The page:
|Crop Knowledge Master|
Monoomorium floricola (jerdon)
Victoria L. Tenbrink, Research Associate
Arnold H. Hara, Entomologist
Beaumont Research Center
M. floricola is arboreal, nesting in shrubs and trees but also nesting in buildings (Wilson & Taylor 1967).
M. floricola is from the Old World tropics and has spread throughout warmer regions of the world (Wheeler 1910, Wilson & Taylor 1967). In Hawaii it is well distributed throughout the populated and unpopulated Islands (Hawaiian Terrestrial Arthropod Checklist 1992), in uncultivated and cultivated land and in residential areas (Huddleston & Fluker 1968).
Damage by ants to agricultural commodities is usually indirect. Mealybugs, aphids, soft scales and whiteflies secrete honeydew, which attracts ants. Ants feed on honeydew, driving away the natural enemies of aphids and scale insects. The pests multiply and inflict damage on the plants. Arboreal species, such as M. floricola, build unsightly nests of dirt and plant rubbish. They easily become established in disturbed areas, nesting in trees and bushes (Wilson & Taylor 1967). In Hawaii this ant infests commercial tropical flower fields.
Ants are social insects. Immatures are fed and cared for throughout development, which takes place in the shelter of the nest. The caste of an adult is established during development and does not change in adulthood. Juvenile stages are usually only a small proportion of the entire life span; individual workers can live for years (Holldobler & Wilson 1990). Development is temperature dependent, being faster at warmer temperatures. There is an upper limit, however, at which damage occurs in extreme heat (Wheeler 1910).
Eggs are laid by a queen (workers of this species lack ovaries) in the nest where they are protected by workers. They may be fertilized or unfertilized. Eggs are tiny, white or yellowish ovals (Wheeler 1910).
Young larvae are soft, legless, pale grubs shaped like crook-necked squash (fat and bulbous at the bottom and narrow and curled at the head). Adult ants lick the larvae, and the saliva makes them sticky and easily transported in groups when the colony is disturbed (Wheeler 1910). Most ant species have four larval stages. The larvae are attended by adults, usually of the worker caste (Holldobler & Wilson 1990).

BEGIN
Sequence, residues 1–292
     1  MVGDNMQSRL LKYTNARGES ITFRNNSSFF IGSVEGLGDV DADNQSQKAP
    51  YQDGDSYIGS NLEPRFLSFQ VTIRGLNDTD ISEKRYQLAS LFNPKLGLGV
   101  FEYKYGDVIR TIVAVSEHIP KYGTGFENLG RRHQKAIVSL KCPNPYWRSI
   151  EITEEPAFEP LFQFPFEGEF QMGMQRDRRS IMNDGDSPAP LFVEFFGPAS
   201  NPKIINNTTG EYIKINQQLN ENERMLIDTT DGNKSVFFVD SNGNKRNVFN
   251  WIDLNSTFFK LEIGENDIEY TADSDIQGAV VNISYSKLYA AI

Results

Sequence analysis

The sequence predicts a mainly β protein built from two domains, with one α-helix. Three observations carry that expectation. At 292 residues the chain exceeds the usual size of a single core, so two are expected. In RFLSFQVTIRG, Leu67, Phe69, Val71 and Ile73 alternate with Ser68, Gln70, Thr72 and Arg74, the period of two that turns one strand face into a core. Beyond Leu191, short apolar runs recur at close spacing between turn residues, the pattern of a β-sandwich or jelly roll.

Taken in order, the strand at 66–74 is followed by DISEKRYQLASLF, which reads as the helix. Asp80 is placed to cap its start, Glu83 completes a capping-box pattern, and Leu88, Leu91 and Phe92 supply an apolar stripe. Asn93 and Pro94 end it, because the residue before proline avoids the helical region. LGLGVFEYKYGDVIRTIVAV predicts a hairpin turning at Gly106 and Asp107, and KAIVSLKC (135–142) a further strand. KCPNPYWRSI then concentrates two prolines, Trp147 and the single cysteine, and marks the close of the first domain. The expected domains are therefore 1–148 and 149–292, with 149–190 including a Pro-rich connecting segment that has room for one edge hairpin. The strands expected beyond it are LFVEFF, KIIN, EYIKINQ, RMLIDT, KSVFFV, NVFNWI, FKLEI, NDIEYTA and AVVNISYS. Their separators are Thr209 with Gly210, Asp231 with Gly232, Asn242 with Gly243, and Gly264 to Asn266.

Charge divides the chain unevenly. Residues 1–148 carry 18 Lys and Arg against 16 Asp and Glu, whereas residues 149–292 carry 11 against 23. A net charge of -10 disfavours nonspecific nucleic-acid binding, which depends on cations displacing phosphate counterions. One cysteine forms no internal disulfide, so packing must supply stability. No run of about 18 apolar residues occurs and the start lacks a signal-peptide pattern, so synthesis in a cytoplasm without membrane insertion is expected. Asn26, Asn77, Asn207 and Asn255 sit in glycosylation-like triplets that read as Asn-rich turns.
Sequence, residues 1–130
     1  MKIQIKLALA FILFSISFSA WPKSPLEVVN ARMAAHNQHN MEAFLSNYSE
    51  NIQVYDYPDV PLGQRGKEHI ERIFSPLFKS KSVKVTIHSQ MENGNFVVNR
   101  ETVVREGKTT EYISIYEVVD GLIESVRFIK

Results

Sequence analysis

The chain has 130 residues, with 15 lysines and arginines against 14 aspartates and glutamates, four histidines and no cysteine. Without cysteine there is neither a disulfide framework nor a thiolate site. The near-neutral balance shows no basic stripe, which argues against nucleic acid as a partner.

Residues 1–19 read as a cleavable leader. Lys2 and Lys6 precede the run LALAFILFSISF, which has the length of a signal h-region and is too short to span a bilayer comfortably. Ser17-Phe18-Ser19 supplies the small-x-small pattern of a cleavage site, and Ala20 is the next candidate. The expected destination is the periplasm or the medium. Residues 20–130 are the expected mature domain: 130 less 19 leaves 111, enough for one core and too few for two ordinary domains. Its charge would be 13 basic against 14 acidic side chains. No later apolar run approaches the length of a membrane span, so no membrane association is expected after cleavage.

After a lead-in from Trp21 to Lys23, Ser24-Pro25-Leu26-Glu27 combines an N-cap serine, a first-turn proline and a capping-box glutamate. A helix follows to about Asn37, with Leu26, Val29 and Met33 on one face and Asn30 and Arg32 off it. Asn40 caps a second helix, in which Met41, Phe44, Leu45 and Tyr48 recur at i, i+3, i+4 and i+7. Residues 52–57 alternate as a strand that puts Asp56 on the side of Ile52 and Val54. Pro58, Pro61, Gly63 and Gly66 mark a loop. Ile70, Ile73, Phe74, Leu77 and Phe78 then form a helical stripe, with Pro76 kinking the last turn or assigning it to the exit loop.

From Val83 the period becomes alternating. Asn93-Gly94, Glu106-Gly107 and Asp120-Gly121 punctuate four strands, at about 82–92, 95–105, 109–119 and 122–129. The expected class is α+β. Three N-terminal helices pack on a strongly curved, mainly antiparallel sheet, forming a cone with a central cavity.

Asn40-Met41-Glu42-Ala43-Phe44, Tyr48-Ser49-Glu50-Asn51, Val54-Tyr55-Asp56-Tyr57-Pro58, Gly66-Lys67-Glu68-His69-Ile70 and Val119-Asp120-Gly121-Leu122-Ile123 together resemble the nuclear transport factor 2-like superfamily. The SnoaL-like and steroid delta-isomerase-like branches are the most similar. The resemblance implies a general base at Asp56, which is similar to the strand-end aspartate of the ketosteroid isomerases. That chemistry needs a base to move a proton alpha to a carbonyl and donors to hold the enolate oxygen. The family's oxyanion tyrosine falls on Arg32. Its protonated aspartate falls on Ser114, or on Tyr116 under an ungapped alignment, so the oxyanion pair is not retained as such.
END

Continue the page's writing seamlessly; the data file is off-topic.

The pupae, as well as larvae, are often mistaken for eggs (Wheeler 1910).
Adult ants are polymorphic, i.e., having different body types. All the individuals of one body type form a social unit called a caste, which is also defined by a role in the community. Queens are usually comparatively large reproductives, laying fertile and unfertile eggs throughout their lives. Males are usually short-lived and function only in reproduction. Workers are females which tend all stages of juvenile ants, construct and maintain nests, and forage for food. Adult workers of M. floricola are small, only about 1.5 mm (1/16 in) (Huddleston et al. 1968). They are wingless with smooth, shining blackish-brown head and abdomen and with lighter, yellowish thorax (Huddleston & Fluker 1968). Adults recently emerged from the pupal stage are paler (Wheeler 1910). Commonly, only individuals of the worker caste are encountered because they are the most numerous and the most likely to be found outside the nest. There is no soldier caste (Huddleston et. al., 1968)
The pest status of M. floricola stems from its habit of inhabiting structures and agricultural fields. It is also, however, beneficial, consuming eggs of insects pests (Richman et. al., 1983).
Cultural control: Pruning to keep plants or clumps from contacting each other can slow the spread of arboreal ant colonies.
Biological control -- Parasites
Many external and internal insect and mite parasites of ants live in ant nests. These usually stunt development in the ant. Some wasps and flies lay eggs in worker ants (Wheeler 1910).
Biological control -- Predators
The major predators of ant species are often other ant species (Holldobbler & Wilson 1990). Interspecific competition occurs for ants sharing the same habitat. Birds, reptiles, amphibians, arthropods, and mammals, including humans, consume ants (Wheeler 1910).
Arboreal species are difficult to control by ground treatments. It is necessary instead to treat the entire plant. While practical for some commodities, this is impractical for orchard trees, palms, and tall tropicals.
1992. Hawaiian Terrestrial Arthropod Checklist. Gordon M. Nishida, Ed. Bishop Museum: Honolulu, Hawaii. 262 pp.
Holldobler, B. & E. O. Wilson. 1990. The Ants. The Belknap Press of Harvard University Press: Cambridge, Mass. 732 pp.
Huddleston, E. W. & S. S. Fluker. 1968. Distribution of ant species of Hawaii. Proc. Haw. Entomol. Soc. 20: 45-69.
Huddleston, E. W., A. A. Laplante, S. S. Fluker. 1968. Pictorial key of the ants of Hawaii based on the worker forms. Proc. Haw. Entomol. Soc. 20:71-79.
Richman, D. B., W. F. Buren, and W. H. Whitcomb. 1983. Predatory arthropods attacking the eggs of Diaprepes abbreviatus (L.) (Coleoptera: Curculionidae) in Puerto Rico and Florida. J. Georgia Entomol. Soc. 18: 327-335.
Wheeler, W. M. 1910. Ants. Columbia University Press: New York. 663 pp.
Wilson, E. O. and R. W. Taylor. 1967. The ants of Polynesia (Hymenoptera: Formicidae). Pacific Insects Monograph 14. Bernice P. Bishop Museum Entomology Department: Honolulu. 96 pp.